2. Write articles. These could either be for newspapers (which, sadly, are a dying medium) or for sites like Associated Content, Suite 101 or, if you are hired, Not only will this give you a chance to write about something at which you are an expert or know something about, but it will give you a venue for your writing and a chance to develop a following. The best part? You get paid, too.

3. Get social. You should have pages on MySpace, Facebook and a Twitter account, at the very least. A web site would be great, too. If you don't know how to build your own, have someone who is tech-savvy help you. New connections are made online these days, and if you aren't keeping up with the latest social media you are going to get left behind.

4. Network. Join writers' groups or book clubs in your local area. Develop a following in your own back yard. If you can't make a splash there when your book is release, you're going to have a tough time "going nationwide" when your book is released.

These are just a few ideas, but I'm sure you get the picture. If you wait until your book is released to build an audience or a following, you are squandering valuable time and potentially missing out on big opportunities to introduce people to you as a writer, and to your work.

It will be tempting to spend all of your time building your "platform" or "networking", but keep things in perspective. You'll actually need time to write your book, too.

Sunday, November 22, 2009

What is a "consignment" book signing event?

When you schedule a book signing event, bookstores have the option of ordering books from the publisher or distributor, or scheduling something called a "consignment" event. What does it mean to do a consignment event?

Basically, it means that the author is providing and selling their own copies of their book. Ideally, the author has purchased their copies at wholesale (or below wholesale) cost. The day of the event, the author brings their books to the store. Sometimes the store will ask for copies ahead of time so they can display them, promote the event and even sell some books prior to the event. Once the author brings books to the store, the manager of the store will either scan the books into their store's merchandising system or they will have some other means of tracking the consignment sales.

Traditionally, the split is 60/40, with the author receiving 60 percent of the retail price for each book sold, and the store receiving 40 percent for hosting the event. Some stores have different splits, so always ask about this prior to the event. Sometimes a store will let the author keep 100 percent of the proceeds from the sale of their own books. They just want the author to bring additional customers in the door because those customers will likely purchase something else while they are there and become repeat customers.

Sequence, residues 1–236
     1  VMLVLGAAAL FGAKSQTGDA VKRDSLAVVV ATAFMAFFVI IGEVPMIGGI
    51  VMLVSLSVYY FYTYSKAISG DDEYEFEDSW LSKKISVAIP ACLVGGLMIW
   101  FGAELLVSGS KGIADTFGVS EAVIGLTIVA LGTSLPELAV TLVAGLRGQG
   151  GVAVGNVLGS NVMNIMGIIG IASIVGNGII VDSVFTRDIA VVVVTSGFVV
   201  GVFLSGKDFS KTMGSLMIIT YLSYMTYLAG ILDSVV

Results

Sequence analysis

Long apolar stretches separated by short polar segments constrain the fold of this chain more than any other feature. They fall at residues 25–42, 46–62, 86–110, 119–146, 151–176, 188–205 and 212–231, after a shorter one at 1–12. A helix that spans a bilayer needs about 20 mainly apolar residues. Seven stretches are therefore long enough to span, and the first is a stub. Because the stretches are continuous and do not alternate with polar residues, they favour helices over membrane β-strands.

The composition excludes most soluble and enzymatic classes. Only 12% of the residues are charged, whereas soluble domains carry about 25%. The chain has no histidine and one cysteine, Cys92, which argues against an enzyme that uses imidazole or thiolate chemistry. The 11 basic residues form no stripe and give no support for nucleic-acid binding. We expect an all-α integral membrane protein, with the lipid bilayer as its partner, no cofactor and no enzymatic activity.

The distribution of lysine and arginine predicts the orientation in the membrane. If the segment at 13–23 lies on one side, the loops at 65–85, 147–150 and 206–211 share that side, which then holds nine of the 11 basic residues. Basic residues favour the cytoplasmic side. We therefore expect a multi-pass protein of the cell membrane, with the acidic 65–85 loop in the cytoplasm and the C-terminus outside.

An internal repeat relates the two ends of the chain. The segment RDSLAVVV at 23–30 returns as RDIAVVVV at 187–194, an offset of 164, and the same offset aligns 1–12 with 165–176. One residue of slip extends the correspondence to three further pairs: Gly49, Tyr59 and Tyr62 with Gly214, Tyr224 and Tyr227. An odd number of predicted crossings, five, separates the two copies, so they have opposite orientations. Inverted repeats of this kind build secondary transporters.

The benefit of doing a consignment event is that the author doesn't get socked with any returns if there are unsold copies. The author simply brings those copies home, or the store may keep the books and sell them for the author on a consignment basis after the event, if the event went well.

"But," the author may ask, "how will this help me get my book carried in bookstores nationwide?" Well, probably won't. There is nothing wrong with swinging for the fences when you first get into the (publishing) game, but every author has to start somewhere. Every author wants bookstore chains, Wal-Mart and Costco to carry their books nationwide on the book's release date. The fact is, a very small percentage of books get that kind of treatment. Bestselling authors with several titles under their belts, celebrity authors and those who are infamous for one reason or other (think Donald Trump) see their books blasted to stores all across the country when they first become available. For the author just starting out with their very first title, they have a long, hard road ahead of them, and consigment events might be some of the very first bookstore events they land.

It's not as bleak as it sounds. Some very successful authors started out this way. The authors of "Chicken Soup for the Soul", for example, engaged in a grass-roots effort to sell their book when it was first released. It wasn't availalbe in every bookstore and supermarket then like it is now. They did speaking engagements wherever they could get them, sold books through beauty shops, and I am sure they have more than one consignment event under their belts. You know the rest of the story. Now there is a whole series of "Chicken Soup" books, and the authors are very, very successful.

Everyone has to start somewhere, and for many authors, this means starting with consignment events at their local independent bookstores.